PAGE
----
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Images: One of 12 siblings 'earns the title' to set the example [Image 2 of 2]

Photo by Cpl. Codey UnderwoodSmall RSS IconSubscriptions Icon

One of 12 siblings 'earns the title' to set the example

Lance Cpl. Gregg J. Schaefer, a landing support specialist with Combat Logistics Battalion 31, 31st Marine Expeditionary Unit, looks at a picture of himself with his 11 brothers and sisters here, Aug. 21. With his siblings serving as the motivation to change his ways, Schaefer transformed himself from troublemaker to role model by becoming a Marine. The 31st MEU is the Marine Corps’ force in readiness in the Asia-Pacific region and the only continuously forward deployed MEU. (Marine Corps photo by Cpl. Codey Underwood)



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Public Domain Mark
This work, One of 12 siblings 'earns the title' to set the example [Image 2 of 2], by Cpl Codey Underwood, identified by DVIDS, is free of known copyright restrictions under U.S. copyright law.

Date Taken:08.23.2013

Date Posted:08.25.2013 14:18

Photo ID:1002601

VIRIN:130823-M-FF989-149

Resolution:1856x2784

Size:2.29 MB

Location:USS BONHOMME RICHARD, AT SEA

Gallery Images

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  • Lance Cpl. Kelly J. Schaefer, assessment consequence management team member, Chemical Biological Radiological Nuclear Defense Detachment, Command Element, 15th Marine Expeditionary Unit, secures his harness before conducting a team-building obstacle course at the French Combat Warfare Training Center in Djibouti, Dec. 4. The training, led by instructors from French forces of the French CWTC in Djibouti, involved obstacle courses on land and in the water different from ones Marines and sailors are used to seeing back home. The 15th MEU is deployed as part of the Peleliu Amphibious Ready Group as a U.S. Central Command theater reserve force, providing support for maritime security operations and theater security cooperation efforts in the U.S. 5th Fleet area of responsibility. Schaefer, 20, is from Fraser, Mich. (U.S. Marine Corps photo by Cpl. John Robbart III)
  • Corporal Kelly J. Schaefer, assessment consequence management team member, Chemical Biological Radiological Nuclear Defense Platoon, Command Element, 15th Marine Expeditionary Unit, pulls himself up to the bar during the Campbell Cup held in the gym of USS Peleliu, April 28. The challenge was the final competition of the Campbell Cup, a competition that brought teams from within the 15th Marine Expeditionary Unit and Peleliu Amphibious Ready Group against each other. This two-night event pitted the Command Element's team against Kilo Company's team in a showdown for the coveted Campbell Cup. The 15th MEU is deployed as part of the Peleliu Amphibious Ready Group and is comprised of approximately 2,400 Marines and sailors. Together with Amphibious Squadron Three, they provide a forward-deployed, flexible sea-based Marine Air Ground Task Force capable of conducting a wide variety of operations ranging from humanitarian aid to combat. Schaefer, 21, is from Fraser, Mich. (U.S. Marine Corps photo by Cpl. John Robbart III/Released)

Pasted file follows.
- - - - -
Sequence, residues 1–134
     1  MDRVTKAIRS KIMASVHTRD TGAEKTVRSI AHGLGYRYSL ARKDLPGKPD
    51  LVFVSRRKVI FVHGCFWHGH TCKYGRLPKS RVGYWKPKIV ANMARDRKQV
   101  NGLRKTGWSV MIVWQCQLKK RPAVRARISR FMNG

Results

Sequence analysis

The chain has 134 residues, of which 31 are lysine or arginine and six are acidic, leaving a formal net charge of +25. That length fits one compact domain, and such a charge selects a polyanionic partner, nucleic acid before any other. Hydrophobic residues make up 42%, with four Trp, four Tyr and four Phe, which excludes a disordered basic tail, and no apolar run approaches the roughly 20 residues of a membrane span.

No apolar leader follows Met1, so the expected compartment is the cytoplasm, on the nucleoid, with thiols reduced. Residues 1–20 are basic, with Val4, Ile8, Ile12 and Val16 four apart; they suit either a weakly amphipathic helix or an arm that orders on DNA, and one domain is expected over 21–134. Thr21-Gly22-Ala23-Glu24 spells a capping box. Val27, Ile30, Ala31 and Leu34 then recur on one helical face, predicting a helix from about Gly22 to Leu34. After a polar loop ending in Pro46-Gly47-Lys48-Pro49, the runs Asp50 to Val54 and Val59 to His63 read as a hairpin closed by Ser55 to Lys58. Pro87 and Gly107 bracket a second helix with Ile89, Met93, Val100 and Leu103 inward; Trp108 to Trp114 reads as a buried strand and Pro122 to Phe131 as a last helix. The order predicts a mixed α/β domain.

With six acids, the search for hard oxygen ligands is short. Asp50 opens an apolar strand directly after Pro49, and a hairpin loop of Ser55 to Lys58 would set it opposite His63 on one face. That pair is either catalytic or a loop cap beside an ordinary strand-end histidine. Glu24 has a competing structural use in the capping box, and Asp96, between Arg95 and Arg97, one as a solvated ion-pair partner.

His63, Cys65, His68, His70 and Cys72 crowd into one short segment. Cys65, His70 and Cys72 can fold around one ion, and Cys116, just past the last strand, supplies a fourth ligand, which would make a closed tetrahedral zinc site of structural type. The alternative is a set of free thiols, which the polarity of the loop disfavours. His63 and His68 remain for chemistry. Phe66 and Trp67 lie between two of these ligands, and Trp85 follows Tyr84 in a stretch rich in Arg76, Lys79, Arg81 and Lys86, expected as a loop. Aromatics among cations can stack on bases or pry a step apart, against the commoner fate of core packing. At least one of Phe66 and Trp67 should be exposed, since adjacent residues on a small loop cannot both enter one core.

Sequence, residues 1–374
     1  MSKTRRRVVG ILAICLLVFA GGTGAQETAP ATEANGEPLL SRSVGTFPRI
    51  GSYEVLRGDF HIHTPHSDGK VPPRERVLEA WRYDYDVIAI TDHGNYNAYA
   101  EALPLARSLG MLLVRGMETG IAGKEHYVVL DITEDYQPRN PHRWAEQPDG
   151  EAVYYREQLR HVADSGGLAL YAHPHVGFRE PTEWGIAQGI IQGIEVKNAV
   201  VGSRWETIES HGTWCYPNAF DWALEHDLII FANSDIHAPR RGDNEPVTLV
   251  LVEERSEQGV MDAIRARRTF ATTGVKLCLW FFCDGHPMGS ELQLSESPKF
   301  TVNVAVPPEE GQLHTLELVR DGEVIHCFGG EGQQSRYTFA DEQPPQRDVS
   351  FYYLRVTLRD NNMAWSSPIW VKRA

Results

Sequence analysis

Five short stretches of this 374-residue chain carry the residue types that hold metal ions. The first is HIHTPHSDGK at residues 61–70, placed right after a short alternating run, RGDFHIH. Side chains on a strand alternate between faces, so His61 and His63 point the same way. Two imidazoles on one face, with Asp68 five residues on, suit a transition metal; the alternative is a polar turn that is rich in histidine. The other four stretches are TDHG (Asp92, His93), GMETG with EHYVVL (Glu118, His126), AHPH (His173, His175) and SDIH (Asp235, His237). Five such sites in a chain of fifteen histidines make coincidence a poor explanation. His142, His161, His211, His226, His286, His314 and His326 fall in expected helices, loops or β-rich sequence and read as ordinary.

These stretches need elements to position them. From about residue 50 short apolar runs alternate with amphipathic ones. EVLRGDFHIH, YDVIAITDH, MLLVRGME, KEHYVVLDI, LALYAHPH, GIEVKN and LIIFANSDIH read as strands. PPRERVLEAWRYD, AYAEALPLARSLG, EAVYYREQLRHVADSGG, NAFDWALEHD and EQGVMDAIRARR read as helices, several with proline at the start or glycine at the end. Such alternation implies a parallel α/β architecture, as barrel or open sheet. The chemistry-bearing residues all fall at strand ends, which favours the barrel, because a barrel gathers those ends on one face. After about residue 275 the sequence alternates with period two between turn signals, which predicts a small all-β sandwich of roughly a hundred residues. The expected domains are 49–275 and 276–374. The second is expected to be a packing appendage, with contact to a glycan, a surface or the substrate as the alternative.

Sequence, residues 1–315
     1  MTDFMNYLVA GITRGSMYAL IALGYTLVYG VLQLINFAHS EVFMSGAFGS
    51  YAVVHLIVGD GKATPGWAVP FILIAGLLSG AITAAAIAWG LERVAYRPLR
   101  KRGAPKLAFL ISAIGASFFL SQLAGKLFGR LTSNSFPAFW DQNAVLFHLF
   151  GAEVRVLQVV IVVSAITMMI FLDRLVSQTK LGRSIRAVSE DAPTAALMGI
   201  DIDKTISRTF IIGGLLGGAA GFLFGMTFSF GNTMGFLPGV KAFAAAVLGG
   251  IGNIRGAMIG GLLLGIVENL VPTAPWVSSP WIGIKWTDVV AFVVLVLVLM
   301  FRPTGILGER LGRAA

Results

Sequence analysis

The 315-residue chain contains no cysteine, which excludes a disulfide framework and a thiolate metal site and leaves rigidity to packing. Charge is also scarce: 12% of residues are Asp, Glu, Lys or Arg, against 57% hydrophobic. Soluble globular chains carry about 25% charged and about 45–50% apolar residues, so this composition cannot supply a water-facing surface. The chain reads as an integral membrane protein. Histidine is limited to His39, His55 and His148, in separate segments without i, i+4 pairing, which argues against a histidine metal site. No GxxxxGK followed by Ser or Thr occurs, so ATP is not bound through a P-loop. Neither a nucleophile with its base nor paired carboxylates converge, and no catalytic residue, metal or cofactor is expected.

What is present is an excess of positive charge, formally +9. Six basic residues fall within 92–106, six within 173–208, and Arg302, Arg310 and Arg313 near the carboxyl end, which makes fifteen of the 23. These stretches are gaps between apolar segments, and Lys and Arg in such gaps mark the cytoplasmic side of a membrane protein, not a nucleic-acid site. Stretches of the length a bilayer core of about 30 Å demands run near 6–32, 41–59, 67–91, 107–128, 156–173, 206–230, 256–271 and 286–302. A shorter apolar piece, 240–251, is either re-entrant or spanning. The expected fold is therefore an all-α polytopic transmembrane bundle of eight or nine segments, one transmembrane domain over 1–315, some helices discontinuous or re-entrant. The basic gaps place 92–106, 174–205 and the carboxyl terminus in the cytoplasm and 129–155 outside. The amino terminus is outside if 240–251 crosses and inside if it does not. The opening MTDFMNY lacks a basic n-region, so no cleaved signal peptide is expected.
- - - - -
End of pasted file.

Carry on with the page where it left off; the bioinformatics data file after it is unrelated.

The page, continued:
• Lance Cpl. Kelly J. Schaefer, assessment consequence management team member, Chemical Biological Radiological Nuclear Defense Platoon, 15th Marine Expeditionary Unit, stands at the position of attention before receiving a Certificate of Commendation from Col. Scott D. Campbell, commanding officer, 15th MEU, during an awards and promotions ceremony held in the hangar bay of the USS Peleliu, Jan. 1. Schaefer received the award for being selected as the Command Element's Marine of the Quarter. The 15th MEU is deployed as part of the Peleliu Amphibious Ready Group as a U.S. Central Command theater reserve force, providing support for maritime security operations and theater security cooperation efforts in the U.S. 5th Fleet area of responsibility. Schaefer, 20, is from Fraser, Mich. (U.S. Marine Corps photo by Cpl. John Robbart III)
  • Lance Cpl. Chad Howard, a basic rifleman with 2nd Battalion, 1st Marines, now part of the 11th Marine Expeditionary Unit, defends himself with a baton with OC spray in his face as part of a nonlethal course here Jan. 28. Oleoresin Capsicum, also known as OC spray, is one of the non-lethal weapons used by both law enforcement and military forces. Marines experienced the burning sensation of OC spray while conducting hostile containment tactics as part of their qualification. Marines must experience each nonlethal weapon first hand in order to use the nonlethal tools utilized by the Marine Corps. (Marine Corps photo by Cpl. Demetrius Morgan/RELEASED)

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One of 12 siblings ‘earns the title’ to set the example

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